Summit Participants Say Lifestyle Shows Effect On Some Pre-Teens
September 30, 2006
By TINA A. BROWN, and REGINE LABOSSIERE, Courant Staff Writers
Manchester police officer Bernie Hallums sees middle school students imitating what they see and hear in pop culture, and he worries about the consequences.
Even pre-teens see the often violent feuds rap stars have and decide they want to do the same thing. Or they believe the lyrics they hear, or what they see in the movies, to be real life, said Hallums, the resource officer at Illing Middle School in Manchester. Middle school and high school students are hanging out in groups, causing enough trouble that many are known to police for the wrong reasons.
"I like to call them prospective gangs," Hallums said.
Because of what he and many others have experienced in their communities, about 400 officials and community members from around the state gathered at the Connecticut Convention Center Friday for a gang-prevention summit. About half of the participants represented Hartford agencies, schools and community groups.
Hallums said he attended the summit because, "I want to see what's going on in other towns."
U.S. Attorney Kevin J. O'Connor looked around at the audience and said he wasn't surprised the summit drew a large crowd just by word-of-mouth.
"That tells me that there's a real interest in this topic," he said.
Today's gangs are different from those of the 1990s, authorities said, and police and school officials must be aware of 21st-century gang culture to prevent them from growing. "If we don't recognize that there are gangs, we will blink and we'll have shootings on our hands," O'Connor said.
Bridgeport Officer Michael Gosha confirmed children are absorbing the culture at an earlier age.
"In the early '90s," he said, "we were dealing with 18-, 19-, 20-year-old gang bangers. ... Now I got kids in the know, speaking fluent gangese ... as young as 8 years old."
With the Internet, Gosha said, kids don't have to leave their homes to be part of a gang. He said some children are born into gang culture but many others choose to join gangs for the excitement, the sense of family and protection.
The look of a gang member has changed as well, Gosha said. Their symbols are more than graffiti, hand signs and colors.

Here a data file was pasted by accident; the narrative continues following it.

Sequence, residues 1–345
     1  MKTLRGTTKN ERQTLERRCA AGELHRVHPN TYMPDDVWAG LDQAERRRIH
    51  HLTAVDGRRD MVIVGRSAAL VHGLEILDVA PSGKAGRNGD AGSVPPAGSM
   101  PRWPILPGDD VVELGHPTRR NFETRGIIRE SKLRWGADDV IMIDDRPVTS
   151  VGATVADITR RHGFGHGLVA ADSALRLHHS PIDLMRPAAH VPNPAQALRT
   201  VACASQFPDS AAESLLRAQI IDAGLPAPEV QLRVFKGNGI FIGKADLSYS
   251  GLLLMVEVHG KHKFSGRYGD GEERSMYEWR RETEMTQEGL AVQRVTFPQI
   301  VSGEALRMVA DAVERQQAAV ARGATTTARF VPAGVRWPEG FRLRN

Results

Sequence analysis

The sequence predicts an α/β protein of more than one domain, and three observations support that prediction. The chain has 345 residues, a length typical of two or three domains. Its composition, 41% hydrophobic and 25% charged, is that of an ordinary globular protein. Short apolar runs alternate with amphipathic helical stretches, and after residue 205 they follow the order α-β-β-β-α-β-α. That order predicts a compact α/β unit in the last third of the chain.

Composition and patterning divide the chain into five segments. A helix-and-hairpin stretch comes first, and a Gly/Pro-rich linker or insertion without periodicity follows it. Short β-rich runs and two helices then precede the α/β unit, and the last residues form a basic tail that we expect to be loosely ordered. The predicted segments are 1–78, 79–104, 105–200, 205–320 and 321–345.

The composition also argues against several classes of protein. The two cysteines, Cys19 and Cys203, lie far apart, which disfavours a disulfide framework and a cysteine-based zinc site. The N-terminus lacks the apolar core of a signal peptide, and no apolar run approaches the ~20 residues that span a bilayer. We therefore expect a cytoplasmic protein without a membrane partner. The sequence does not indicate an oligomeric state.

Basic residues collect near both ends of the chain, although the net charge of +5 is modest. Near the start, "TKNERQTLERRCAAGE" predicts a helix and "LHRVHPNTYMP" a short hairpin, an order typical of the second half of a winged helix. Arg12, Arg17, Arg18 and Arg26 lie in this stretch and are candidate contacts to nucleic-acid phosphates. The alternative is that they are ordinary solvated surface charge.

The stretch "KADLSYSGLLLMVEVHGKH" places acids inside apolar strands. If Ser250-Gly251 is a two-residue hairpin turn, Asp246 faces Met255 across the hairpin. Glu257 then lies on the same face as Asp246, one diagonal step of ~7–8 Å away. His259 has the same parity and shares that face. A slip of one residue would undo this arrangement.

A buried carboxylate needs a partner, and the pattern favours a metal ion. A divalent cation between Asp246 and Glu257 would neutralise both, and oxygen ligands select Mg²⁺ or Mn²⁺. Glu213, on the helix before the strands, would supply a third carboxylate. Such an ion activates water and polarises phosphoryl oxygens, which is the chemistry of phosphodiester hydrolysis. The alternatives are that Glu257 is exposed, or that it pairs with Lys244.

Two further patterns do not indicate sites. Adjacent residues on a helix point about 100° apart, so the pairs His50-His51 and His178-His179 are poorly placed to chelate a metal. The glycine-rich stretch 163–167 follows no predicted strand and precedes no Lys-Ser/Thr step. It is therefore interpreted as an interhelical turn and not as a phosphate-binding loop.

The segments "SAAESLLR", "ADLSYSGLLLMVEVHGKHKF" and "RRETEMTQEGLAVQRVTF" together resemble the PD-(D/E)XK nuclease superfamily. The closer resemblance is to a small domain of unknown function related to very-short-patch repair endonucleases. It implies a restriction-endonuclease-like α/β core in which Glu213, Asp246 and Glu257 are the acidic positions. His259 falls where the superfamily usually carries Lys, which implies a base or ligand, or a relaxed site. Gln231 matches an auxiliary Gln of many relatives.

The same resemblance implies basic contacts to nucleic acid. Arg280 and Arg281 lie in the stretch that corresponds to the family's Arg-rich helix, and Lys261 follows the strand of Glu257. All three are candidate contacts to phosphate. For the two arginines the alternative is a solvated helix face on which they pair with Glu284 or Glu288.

Gosha pulled out a blue New York Yankees baseball cap with white lettering as a seemingly innocent hat. In Chicago, it represents the local gang Folk Nation. The "Y" in the "NY" resembles a pitchfork, which is a known gang symbol. The "N" represents "Nation."
He showed pictures of teens with a symbol similar to a paw print - essentially three Os in a triangular pattern - branded into their skin. He said members of the gang The Bloods tie their right shoe laces, regardless of color, with three loops to resemble the paw print and to identify themselves. Gang members wear beaded necklaces and sneakers with a bandana design that anyone can buy.
Some police officers said they haven't seen a lot of the outward or even subtle signs of gang affiliations, but they wanted to prevent their situations from worsening.
Pat Naylor, a community service director in Stratford, said he attended the summit because, "We like to stay ahead of the curve."
Naylor and Stratford Police Capt. Mark Delieto said their town has seen gang activity on a small scale. "We aren't saying it is a top youth problem," Naylor said.
But they realize that problems can grow because of the town's proximity to Bridgeport, where more serious gang problems exist.
"We keep a handle on it. There is absolutely a gang problem," Delieto said, adding the town has a policy of erasing graffiti from the walls of its middle and high schools.
But representatives of communities, even large ones, don't believe they have gang problems.
"It's all about neighborhood issues," New Haven Police Sgt. Ricardo Rodriguez said. "...We don't see that structure and traditional organization."
Reprinted with permission of the Hartford Courant.
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